Sunday, May 21, 2017

More on Glacial Gold


(NEVER underestimate the immense power of glaciers.)

Canadian miner "PL" contacted me with a few questions about glacial gold. His queries were astute and I thought they, along with my overall response, would provide grist for the mill in terms of an entire post. So here goes.

An Extremely Powerful Force

Right off the get-go many of you should be aware of the fact that nearly all the placer gold found in the Midwestern United States and the upper Midwest (Ohio, Indiana, Minnesota, etc.) was glacially deposited. At various points in the distant geological past large glaciers moved slowly southward from Canada into the U.S. As this glacial movement occurred it swept with it gold "ground out" from host veins or, at times, placers in the Land of The Maple Leaf. The term "ground out" is quite appropriate here since glacial erosion is an extremely powerful force. Image a gigantic rock crusher or grinder moving slowly across Canadian terrain on its way south, downing forests and leveling hillsides, gathering up and rolling huge boulders forward, and grinding large rocks into sand. Geologists believe that some of these ancient Canadian glaciers stretched and widened as far as millions of square kilometers (1,000,000 kilometers = 621,371 miles) as they ground their way from Canada into the U.S. as far south as the midsection of our nation. Then, as the climate warmed, Canadian glaciers retreated slowly northward again only to renew their southward movement into the U.S. during the next glacial epoch. Throughout this entire series of "ebb and flow" movements these ancient glaciers carried gold with them that they had scoured out in Canada.

 (You can't beat a Canuck when it comes to gold mining.)

A Question That Begs Answering

One of PL's questions concerned the size of glacial gold. He asked if I thought larger or coarser gold such as nuggets could be found if one were to prospect the bedrock of current streams that had once been in the path of glacial activity. This is a good question and it begs answering so let me give it my best shot. Anything is possible, right? That said, I do know that here in the U.S. where glacial gold deposits have been worked in the Midwest and Upper Midwest some small nuggets have been recovered over the years but most of the gold in American glacial till (i.e., glacially deposited gravels) is usually restricted to small grains and flakes, with occasional larger flakes turning up. In Canada, you're closer to the original sources of that gold so any gold that "escaped" the grinding clutches and mechanical forces of glacial movement could (and probably would be larger) but you always have to bear in mind the extreme reduction of materials that any glacier exerts, anytime and anywhere. If a glacier has passed over bedrock it will have scoured that bedrock pretty well, whether in Canada or anywhere else. However, eons of time have passed since the glacial epochs I already mentioned. Current gold-bearing streams and rivers that exist in known glacial areas of the past might indeed produce lots of large gold but that gold might not (note I say "might not") have been deposited as glacial till but by the erosion and breakdown of veins, stringers, or placers that are part and parcel of a given area's original gold mineralization and deposition. Granted, all of this is supposition and I've never been a big fan of working glacial till. Nor am I highly experienced working glacial gold deposits. But once again, Ma Nature can do some pretty weird things when it comes to depositing gold.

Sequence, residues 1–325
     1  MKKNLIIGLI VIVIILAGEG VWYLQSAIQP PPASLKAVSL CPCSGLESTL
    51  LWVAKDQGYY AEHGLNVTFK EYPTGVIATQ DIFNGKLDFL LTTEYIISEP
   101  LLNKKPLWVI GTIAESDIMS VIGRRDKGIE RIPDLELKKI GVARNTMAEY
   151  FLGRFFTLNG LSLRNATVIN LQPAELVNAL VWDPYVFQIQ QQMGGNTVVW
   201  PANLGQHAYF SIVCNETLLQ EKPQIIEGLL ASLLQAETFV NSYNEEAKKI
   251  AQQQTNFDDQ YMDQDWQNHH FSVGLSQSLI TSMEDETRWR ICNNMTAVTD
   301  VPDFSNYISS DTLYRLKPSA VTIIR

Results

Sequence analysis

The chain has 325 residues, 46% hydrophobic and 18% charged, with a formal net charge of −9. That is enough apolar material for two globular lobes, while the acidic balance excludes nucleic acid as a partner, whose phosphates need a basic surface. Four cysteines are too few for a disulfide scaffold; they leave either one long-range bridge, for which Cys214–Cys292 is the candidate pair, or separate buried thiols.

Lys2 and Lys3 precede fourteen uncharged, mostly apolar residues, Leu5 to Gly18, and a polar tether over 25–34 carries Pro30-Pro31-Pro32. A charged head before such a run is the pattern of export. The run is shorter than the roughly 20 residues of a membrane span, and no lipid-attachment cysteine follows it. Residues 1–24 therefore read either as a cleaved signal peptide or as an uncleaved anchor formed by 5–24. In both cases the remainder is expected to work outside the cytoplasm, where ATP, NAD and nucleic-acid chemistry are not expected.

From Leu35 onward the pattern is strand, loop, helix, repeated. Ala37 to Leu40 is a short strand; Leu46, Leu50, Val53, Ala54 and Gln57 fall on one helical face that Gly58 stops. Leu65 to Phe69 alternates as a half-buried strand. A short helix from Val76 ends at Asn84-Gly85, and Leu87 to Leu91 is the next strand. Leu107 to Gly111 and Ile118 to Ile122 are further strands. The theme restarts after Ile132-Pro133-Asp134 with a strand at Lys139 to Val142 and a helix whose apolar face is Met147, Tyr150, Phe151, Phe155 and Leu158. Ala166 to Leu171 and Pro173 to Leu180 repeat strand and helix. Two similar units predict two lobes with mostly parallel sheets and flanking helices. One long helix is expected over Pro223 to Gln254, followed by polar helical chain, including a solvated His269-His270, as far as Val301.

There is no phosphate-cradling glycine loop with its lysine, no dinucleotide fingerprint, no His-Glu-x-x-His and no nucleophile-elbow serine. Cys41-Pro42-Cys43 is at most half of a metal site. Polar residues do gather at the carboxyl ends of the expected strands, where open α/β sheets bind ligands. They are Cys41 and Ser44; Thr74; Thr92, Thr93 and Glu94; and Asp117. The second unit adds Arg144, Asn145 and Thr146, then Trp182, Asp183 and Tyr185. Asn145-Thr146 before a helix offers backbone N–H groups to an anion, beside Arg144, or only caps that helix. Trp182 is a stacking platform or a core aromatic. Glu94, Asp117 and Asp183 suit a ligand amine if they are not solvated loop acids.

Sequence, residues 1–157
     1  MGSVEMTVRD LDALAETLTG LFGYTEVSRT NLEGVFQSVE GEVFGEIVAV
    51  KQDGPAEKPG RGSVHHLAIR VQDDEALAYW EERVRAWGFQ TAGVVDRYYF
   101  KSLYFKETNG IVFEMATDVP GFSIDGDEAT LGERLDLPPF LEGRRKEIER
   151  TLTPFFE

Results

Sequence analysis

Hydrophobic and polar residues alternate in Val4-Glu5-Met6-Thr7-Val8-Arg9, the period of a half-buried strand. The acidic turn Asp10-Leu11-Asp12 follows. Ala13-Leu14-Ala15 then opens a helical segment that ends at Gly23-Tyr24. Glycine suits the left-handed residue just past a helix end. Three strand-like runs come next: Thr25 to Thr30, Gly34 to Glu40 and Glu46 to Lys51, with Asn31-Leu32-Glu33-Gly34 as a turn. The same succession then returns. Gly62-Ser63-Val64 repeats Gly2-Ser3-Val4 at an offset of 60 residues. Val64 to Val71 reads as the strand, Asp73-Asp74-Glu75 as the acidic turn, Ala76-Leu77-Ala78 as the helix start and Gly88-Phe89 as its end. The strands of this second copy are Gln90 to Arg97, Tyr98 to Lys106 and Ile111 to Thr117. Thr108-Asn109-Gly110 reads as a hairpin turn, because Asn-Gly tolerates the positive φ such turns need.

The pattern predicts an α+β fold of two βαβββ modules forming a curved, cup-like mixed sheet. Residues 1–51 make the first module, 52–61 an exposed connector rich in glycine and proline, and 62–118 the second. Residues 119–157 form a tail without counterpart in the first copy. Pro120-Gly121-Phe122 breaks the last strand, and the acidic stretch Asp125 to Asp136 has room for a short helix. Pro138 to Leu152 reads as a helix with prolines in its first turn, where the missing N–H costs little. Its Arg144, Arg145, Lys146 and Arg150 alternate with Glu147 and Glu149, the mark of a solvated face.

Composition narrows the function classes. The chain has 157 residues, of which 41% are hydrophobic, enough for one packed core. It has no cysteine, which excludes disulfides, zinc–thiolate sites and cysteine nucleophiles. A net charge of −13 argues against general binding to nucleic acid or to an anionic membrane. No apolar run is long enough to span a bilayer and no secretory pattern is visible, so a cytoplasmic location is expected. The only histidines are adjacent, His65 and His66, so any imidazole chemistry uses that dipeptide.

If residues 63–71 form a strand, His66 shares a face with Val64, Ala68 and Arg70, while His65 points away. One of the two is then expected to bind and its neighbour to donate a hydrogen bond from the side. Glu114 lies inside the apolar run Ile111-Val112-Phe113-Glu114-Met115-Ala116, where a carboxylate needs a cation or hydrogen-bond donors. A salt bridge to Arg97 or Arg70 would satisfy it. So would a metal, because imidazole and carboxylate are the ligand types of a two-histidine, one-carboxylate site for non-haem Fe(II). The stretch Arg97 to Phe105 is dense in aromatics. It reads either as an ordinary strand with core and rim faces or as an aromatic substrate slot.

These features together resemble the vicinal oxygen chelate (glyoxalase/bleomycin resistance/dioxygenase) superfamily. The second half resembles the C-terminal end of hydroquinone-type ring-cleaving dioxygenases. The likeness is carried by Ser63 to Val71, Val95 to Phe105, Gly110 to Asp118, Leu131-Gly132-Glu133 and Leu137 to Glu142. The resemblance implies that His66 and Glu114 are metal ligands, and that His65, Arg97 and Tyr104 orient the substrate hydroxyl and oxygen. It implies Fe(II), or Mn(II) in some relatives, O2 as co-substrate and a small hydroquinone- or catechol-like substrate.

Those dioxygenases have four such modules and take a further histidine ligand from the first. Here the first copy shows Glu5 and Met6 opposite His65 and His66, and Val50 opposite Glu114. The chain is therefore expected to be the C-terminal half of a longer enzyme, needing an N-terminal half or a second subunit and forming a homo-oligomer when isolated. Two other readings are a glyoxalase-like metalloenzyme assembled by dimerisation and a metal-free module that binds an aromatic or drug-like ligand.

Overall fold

(Glacial gold from Ohio...it probably came from Canada eons ago.)

Good to Go

The overriding factor to understanding glacial gold and working glacial till is to understand completely the forces at work that were responsible for breaking that gold away from its sources, carrying it along over hundreds or thousands of years, and all the while reducing that entrained gold through pressure, movement (however slow), and friction. Gold is very soft and it wouldn't take much time (geologically speaking, that is) for larger pieces of gold to get ground down to flakes or microdots. All of this is a moot point, however, if you run into patches of glacial till carrying LOTS of gold. Then you're good to go. I've always said I'd rather have an ounce of fine gold in my poke than a quarter ounce nugget and I still stand by that statement. Nuggets are great and fun to recover and look at but gold is gold and quantity is always better than...well...quality unless you have nice specimen to sell to a collector for big bucks.

 (These small pieces were recovered in Pennsylvania!)

Hang tough out there.

(c) Jim Rocha 2017

Questions? E-mail me at jr872vt90@yahoo.com

2 comments:

  1. I'm not sure about gold, but glaciers are cold! Back in the mid 1980's I worked in Alaska. The ice was a bluish tint, and compressed. It would last much longer than store bought ice in a ice-box, and made your drinks taste great!
    Back then, I hadn't caught "gold fever" yet. I tried a few quick pans, but nothing very serious. I'd like to go back someday........

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